WASHINGTON -- Democrats and Republicans in the Senate dueled over the Iraq war yesterday, exchanging rhetorical jabs as both parties sought political advantage from a debate that many strategists think could be a decisive factor in determining which party controls Congress after the November elections.
The debate - prompted by two Democratic measures calling for a reduction in the number of U.S. troops, including one proposing a full withdrawal by next summer - is unlikely to have a direct impact on the conduct of the war.
But as the election season approaches, and with polls showing rising public unease over the war, Democrats are eager to cast blame on the Republicans' war policies, and Republicans are eager to cast doubt on the Democrats' resolve.
"Too often, the Bush administration deals simply in slogans, and we have heard them so often, so many times: 'Mission Accomplished,' 'Stay the Course,' 'Don't Cut and Run,'" said Sen. Jack Reed a Rhode Island Democrat who co-wrote one of the proposals. "But a military operation like this requires much more than slogans."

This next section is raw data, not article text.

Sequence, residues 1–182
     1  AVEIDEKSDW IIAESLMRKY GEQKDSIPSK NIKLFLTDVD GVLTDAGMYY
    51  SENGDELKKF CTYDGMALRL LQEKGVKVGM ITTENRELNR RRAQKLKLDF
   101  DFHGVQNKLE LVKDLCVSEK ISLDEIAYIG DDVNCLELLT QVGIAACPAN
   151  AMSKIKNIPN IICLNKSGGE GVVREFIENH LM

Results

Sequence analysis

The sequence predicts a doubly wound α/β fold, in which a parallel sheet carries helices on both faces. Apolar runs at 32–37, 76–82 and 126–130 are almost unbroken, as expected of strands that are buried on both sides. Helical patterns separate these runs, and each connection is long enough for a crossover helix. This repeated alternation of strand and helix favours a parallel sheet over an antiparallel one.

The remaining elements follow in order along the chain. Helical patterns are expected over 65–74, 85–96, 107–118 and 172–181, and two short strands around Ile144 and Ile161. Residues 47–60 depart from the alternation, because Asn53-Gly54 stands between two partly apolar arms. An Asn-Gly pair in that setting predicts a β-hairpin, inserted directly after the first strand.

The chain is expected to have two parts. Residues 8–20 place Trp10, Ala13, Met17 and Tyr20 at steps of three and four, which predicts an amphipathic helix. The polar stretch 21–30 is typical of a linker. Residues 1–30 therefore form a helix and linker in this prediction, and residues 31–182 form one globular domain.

Reed's proposal, co-sponsored by Sen. Carl Levin of Michigan and supported by many other Democrats, urges President Bush to begin a "phased redeployment" of troops from Iraq by the end of this year but does not set a deadline for total withdrawal.
A more sweeping measure offered by Sens. John Kerry of Massachusetts and Russ Feingold of Wisconsin, both Democrats, would order Bush to remove all troops from Iraq by July 31, 2007.
Republicans attacked both proposals.
"I would ask our colleagues who counsel retreat, who counsel self-defeatism: What do they think is going to happen if we leave Iraq prematurely before the Iraqi security forces can defend themselves and that new democracy?" said Sen. John Cornyn, a Texas Republican. "That power void would be filled by those who are currently fighting and killing innocent people in Iraq."
Votes on the two measures, amendments to a defense policy bill, are expected today.
Democrats hold 44 of the Senate's 100 seats, and neither amendment is expected to pass. But the vote count - especially on the Levin-Reed amendment, which the Democratic leadership backs - is considered an important gauge of Democratic unity.
Republicans derided the Democrats as indecisive, pointing to the two amendments as evidence.
"It's been interesting to watch the Democrats debate among themselves exactly what position they might have," said Sen. Mitch McConnell, a Kentucky Republican.
Maura Reynolds writes for the Los Angeles Times.